1) Set a quota for immigration from the Islamic world at somewhere near to zero. Of course, if there’s some wizkid scientist from Dubai who wants a job at Harvard we can tacitly look the other way, but, as a general rule, if we really need cheap immigrant labor we can get it from Latin America or Eastern Europe. If Muslim populations in the West want to continue their practice of taking brides from the homeland they should be free to do so, but they will have to do it over there. Hopefully, once starved of fresh recruits the existing populations of the West would go the way of the Jewish populations of America and the United Kingdom before WW2, evolving more moderate versions of their faith, assimilating and finally, intermarrying almost out of existence.

2) No more foreign aid for the Islamic world. Not one penny, ever.

3) Withdraw all Western support for a Palestinian state. If Israel wants to annex Judah and Samaria, so be it, if they want to just carry on with the status quo, then they can do that. What matters is that the Western world has no interest in creating yet another Islamic state.

4) Fund Christian missionaries (and Scientologists too if we want) to spread their faith in the Islamic world. In the West, whilst being careful not to restrict anyone’s freedom of religion, government institutions should not to fund Islamic outreach groups or allow them access to state-run schools, university and media outlets.

Whenever, I make these points though, the big bad foreign policy hawks seem to go all wobbly at the knees and say something like “that’s not feasible” or “we can’t do that”. Well maybe not, but it’s a pretty loopy world where launching trillion dollar wars on the other side of the globe to impose democracy on phenomenally violent societies is realistic and mainstream, whereas immigration controls are fringe.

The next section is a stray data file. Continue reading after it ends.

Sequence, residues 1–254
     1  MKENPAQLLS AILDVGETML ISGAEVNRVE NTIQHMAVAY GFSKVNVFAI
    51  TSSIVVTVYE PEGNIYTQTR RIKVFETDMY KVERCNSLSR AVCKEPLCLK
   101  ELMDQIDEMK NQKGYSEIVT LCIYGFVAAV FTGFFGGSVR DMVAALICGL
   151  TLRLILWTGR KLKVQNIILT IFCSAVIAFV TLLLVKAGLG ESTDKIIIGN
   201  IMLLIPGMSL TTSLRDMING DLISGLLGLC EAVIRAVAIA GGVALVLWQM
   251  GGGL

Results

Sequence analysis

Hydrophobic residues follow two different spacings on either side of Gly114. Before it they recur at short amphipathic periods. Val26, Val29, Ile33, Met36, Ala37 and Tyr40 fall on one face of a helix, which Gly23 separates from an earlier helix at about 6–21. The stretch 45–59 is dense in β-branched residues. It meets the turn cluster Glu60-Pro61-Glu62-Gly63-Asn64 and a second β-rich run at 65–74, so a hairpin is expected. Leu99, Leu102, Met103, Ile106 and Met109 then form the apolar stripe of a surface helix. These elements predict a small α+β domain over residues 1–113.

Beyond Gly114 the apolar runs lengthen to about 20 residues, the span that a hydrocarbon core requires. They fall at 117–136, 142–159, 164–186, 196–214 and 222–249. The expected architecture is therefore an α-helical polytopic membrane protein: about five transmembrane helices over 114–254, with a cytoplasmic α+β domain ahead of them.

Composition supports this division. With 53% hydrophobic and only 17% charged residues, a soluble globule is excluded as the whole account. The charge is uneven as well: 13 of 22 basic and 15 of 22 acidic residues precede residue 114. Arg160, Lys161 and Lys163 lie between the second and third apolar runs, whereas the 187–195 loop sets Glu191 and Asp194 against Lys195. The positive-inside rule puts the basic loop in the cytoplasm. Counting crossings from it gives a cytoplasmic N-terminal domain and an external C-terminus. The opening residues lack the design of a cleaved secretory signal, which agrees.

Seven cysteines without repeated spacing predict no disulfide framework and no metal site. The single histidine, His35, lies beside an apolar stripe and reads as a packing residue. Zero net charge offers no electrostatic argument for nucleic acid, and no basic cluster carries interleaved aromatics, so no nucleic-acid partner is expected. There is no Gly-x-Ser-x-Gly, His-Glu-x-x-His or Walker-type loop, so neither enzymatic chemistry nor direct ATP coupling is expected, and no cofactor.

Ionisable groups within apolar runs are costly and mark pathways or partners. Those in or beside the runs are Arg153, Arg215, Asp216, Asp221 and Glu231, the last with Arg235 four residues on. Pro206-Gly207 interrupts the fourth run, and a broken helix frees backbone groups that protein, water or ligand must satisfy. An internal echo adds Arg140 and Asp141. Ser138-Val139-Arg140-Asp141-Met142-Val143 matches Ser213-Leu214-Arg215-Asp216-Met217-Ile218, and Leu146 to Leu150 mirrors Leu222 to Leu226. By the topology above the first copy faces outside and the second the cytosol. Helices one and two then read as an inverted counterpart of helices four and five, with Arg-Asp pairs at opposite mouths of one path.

So, essentially what I’m saying is, if you can’t man up enough to support something like the program I’ve outlined, then please drop all the counter-Jihad rhetoric and just stop throwing money down the drain on utopian wars for global democracy. If you would endorse such a program then why are you rejecting Ron Paul in favor of other Republicans who have no intention of implementing any such policies at all? I’ll end by noting that while Ron Paul is just as big an Islamophile as the Neocons, at least he wouldn’t antagonize the Islamic world so much in the process and, further, he’s already made items (2) and (3) on my list part of his official policy, placing him a few steps ahead of warriors Perry, Santorum and Gingrich at a much lower cost.

The opinions presented by Algemeiner bloggers are solely theirs and do not represent those of The Algemeiner, its publishers or editors. If you would like to share your views with a blog post on The Algemeiner, please be in touch through our Contact page.

Share this Story: Share On Facebook Share On Twitter

Let your voice be heard!

Join the Algemeiner

This site is protected by reCAPTCHA and the Google Privacy Policy and Terms of Service apply.